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It seems the only way is up for young Australian player Tristan Schoolkate. 

The 23-year-old from Perth has risen month by month, year by year, since joining the tour in 2019. 

This week he hit a new career high of 183 after an impressive showing at the ATP Tournament in 's-Hertogenbosch.

At the grasscourt event, he won through qualifying, including an impressive straight-sets victory over Belgian Zizou Bergs, before falling to 26th-ranked Sebastian Korda in two tight sets, 6-4 7-6. 

His run on grass is no surprise, thanks to how learned the game under the tutelage of his father Peter. 

“I grew up on the grass as a junior and in comparison to a lot of players, I’ve spent much more time on the surface. I’d say just having experience playing on the surface gives me a little bit of confidence in my back pocket when I compete at tournaments on the grass nowadays,” he told us. 

His success at the Dutch tournament also could have been helped by some kind of “home” ground advantage. 

“My grandparents are both from the Netherlands and my father grew up there too. It was nice to play there and have a few people ask me about my surname, that made me smile,” he revealed. 

Challenger breakthrough

Tristan’s success has certainly not been limited to grass though. 

After battling on the ITF circuit and having mixed results on the Challenger circuit, something clicked mid-way through last year. 

He consistently made the semi-finals and quarter-finals at North American hardcourt tournaments including wins over rising French star Arthur Cazaux and fellow Aussies Adam Walton, Omar Jasika and Philip Sekulic. 

Tristan said trust in his development and his skills is what helped him reap the rewards. 

“I believed in my game and my level, I tried to bring my best efforts week in, week out, and I think that has led to a shift from the ITF to ATP Challenger events.”

His form continued in 2024 with consistently strong results before a real breakthrough in May. 

At the Guangzhou tournament in China, he battled through to the final with impressive wins over Italian Mattia Bellucci and former world no.31 Maxime Cressy before meeting Adam Walton in the final.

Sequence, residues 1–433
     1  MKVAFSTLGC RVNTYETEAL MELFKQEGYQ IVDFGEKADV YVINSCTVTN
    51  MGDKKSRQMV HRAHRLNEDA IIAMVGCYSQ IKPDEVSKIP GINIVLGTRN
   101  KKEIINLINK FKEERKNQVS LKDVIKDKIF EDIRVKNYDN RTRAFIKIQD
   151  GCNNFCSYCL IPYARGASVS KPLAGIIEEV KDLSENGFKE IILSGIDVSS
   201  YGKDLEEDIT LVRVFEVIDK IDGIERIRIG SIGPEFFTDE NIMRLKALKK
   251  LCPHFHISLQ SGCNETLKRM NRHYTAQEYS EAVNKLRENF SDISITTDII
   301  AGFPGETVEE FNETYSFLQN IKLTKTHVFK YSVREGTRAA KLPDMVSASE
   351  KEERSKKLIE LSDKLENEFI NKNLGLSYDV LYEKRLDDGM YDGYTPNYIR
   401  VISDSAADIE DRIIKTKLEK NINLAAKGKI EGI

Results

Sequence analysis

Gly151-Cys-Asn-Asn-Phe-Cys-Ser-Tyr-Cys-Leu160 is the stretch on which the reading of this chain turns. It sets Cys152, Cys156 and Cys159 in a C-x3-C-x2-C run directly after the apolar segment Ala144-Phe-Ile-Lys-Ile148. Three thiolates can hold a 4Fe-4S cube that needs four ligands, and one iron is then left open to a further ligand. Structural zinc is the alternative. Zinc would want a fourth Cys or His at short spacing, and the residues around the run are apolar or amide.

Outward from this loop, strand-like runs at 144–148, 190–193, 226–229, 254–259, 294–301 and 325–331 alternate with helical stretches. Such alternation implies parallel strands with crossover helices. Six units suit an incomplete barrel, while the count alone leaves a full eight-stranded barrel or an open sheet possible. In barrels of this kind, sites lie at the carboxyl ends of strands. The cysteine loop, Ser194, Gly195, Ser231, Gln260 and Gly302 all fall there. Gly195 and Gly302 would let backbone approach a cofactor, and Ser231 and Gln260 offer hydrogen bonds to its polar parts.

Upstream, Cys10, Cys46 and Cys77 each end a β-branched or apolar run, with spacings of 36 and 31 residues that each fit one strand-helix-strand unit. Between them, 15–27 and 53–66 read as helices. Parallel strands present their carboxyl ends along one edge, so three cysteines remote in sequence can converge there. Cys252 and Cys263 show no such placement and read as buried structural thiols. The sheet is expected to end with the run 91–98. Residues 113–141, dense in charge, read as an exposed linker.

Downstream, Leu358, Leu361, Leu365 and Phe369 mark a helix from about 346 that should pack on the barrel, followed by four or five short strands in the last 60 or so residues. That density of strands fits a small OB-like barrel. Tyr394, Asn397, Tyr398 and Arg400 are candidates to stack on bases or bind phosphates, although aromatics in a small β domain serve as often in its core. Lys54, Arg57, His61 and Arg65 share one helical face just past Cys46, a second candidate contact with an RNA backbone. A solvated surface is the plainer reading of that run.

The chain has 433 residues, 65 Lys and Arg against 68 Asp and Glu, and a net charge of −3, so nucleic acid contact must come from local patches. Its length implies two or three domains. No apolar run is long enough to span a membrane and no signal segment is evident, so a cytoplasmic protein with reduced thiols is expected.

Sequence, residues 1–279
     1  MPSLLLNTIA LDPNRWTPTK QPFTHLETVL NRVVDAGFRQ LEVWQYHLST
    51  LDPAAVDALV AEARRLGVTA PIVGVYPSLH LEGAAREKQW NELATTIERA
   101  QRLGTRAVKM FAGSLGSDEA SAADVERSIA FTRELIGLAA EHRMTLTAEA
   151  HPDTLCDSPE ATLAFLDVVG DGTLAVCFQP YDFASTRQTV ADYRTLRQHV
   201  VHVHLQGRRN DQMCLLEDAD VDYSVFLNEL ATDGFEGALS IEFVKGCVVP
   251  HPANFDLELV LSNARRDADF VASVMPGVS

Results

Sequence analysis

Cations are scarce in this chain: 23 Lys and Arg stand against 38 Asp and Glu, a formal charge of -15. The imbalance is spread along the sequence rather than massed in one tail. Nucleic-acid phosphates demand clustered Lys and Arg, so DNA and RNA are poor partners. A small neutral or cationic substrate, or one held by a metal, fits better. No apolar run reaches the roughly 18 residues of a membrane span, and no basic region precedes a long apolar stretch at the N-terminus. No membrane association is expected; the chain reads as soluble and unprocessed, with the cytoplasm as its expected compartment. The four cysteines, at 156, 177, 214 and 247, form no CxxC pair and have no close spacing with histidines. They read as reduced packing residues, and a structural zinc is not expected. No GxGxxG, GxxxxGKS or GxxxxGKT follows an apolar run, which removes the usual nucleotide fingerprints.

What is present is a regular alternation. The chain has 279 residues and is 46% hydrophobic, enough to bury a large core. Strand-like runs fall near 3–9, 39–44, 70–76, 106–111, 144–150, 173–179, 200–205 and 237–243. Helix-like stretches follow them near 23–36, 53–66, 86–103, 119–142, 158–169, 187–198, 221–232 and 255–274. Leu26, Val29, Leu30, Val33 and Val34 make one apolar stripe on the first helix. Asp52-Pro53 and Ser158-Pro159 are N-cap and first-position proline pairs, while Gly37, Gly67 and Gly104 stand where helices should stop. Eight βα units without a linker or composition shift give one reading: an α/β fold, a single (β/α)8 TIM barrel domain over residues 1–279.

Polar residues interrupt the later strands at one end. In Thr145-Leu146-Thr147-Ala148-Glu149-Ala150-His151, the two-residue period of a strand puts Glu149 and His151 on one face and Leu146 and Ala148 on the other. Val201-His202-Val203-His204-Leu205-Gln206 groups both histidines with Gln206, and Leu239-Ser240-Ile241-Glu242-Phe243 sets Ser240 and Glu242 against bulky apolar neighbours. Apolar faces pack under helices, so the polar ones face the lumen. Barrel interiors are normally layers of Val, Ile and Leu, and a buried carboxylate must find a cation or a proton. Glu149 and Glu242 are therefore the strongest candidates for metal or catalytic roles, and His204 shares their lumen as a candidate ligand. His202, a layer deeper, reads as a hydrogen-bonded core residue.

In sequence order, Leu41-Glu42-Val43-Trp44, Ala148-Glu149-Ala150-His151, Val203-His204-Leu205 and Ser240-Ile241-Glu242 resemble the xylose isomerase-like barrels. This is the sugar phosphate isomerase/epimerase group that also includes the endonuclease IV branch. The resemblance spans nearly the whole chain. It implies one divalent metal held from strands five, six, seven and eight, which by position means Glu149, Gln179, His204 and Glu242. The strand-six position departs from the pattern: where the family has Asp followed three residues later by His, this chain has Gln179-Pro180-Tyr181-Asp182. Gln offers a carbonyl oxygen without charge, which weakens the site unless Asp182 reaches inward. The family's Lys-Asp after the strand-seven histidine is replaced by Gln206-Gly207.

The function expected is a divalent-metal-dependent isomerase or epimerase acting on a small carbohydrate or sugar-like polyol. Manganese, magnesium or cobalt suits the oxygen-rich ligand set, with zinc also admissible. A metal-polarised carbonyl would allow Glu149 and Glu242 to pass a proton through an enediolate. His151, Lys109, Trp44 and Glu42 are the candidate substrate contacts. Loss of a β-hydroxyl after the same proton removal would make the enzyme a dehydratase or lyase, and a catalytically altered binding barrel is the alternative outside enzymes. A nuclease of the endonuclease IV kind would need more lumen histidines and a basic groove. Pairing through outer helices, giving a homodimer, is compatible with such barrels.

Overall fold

It was the fifth time they’d met in eight months, with Walton leading the head-to-head 3-1 at the time. 

Tristan prevailed in three tough sets and claimed his maiden ATP Challenger title. 

It was something I’ve been working towards and to do it in the way I did that week was a testament to the hard work that I’ve put in. It’s given me confidence that my game is trending in the right direction and that I can have success at this level and continue to climb the rankings,” he said of the win. 

The title and other strong results have seen him rise almost 80 places. He is currently the second-highest Aussie under 23-years-old or younger behind Rinky Hijikata. 

He is also the highest-ranked Aussie yet to make the Top 100. 

A growing rivalry

The man he beat in China, Adam Walton, rose to the Top 100 himself earlier this month and his success is something Tristan is using for inspiration. 

“Seeing Adam push into the Top 100 was awesome, we put in a great preseason and have done a lot of hard work together so I’m glad to see it paying off. Seeing other Australians do well is fantastic, it gives me belief that I have success too.”

The pair share a coach in Andrew Roberts and play many of the same tournaments so their burgeoning but friendly rivalry will no doubt continue into the future. 

The pair also play doubles together, winning two Challenger titles so far, while he’s also claimed another two with fellow Aussie Blake Ellis. 

“I enjoy playing doubles and definitely think it can benefit your singles career, you can work on some things which you might then implement in singles. It can also be nice to get some extra matches when you’re struggling a bit on the singles court.”

His game and ambitions

No doubt it’s also helped develop his biggest weapons which he names as his serve, forehand, and strong net play. 

It’s a game that developed on those Perth grass courts but was also inspired by his idol Jo-Wilfred Tsonga. 

His skills at the net were on full display in the Netherlands last week and will be something he’ll be taking into Wimbledon qualifying next week. 

With a 71% career record on grass, he has every chance of joining the many Aussies already in the main draw. 

But his goals are far beyond success on the surface and tournament. 

“Short term I want to keep working on my game and keep improving, stay healthy and play a lot of matches this year. Long term I am going to work hard to break into the world’s Top 100 and play on the ATP Tour,” he said. 

The circuit suits him

Tristan appears to have a good head on his shoulders and enjoys what the circuit has to offer.

“I like travelling and trying local cuisines when I’m in new places, I spend my days off on the road trying to hunt down some good coffee,” he told us. 

“I really like Japan, that’s probably my favourite country that I’ve been to. I enjoy playing in the USA, I played in Tiburon last year which was the nicest event I’ve played at Challenger level.”

It seems if his strong rise in the rankings continues, his goal of the Top 100 is well in sight.

He may just need to find a favourite ATP tournament then as well. 


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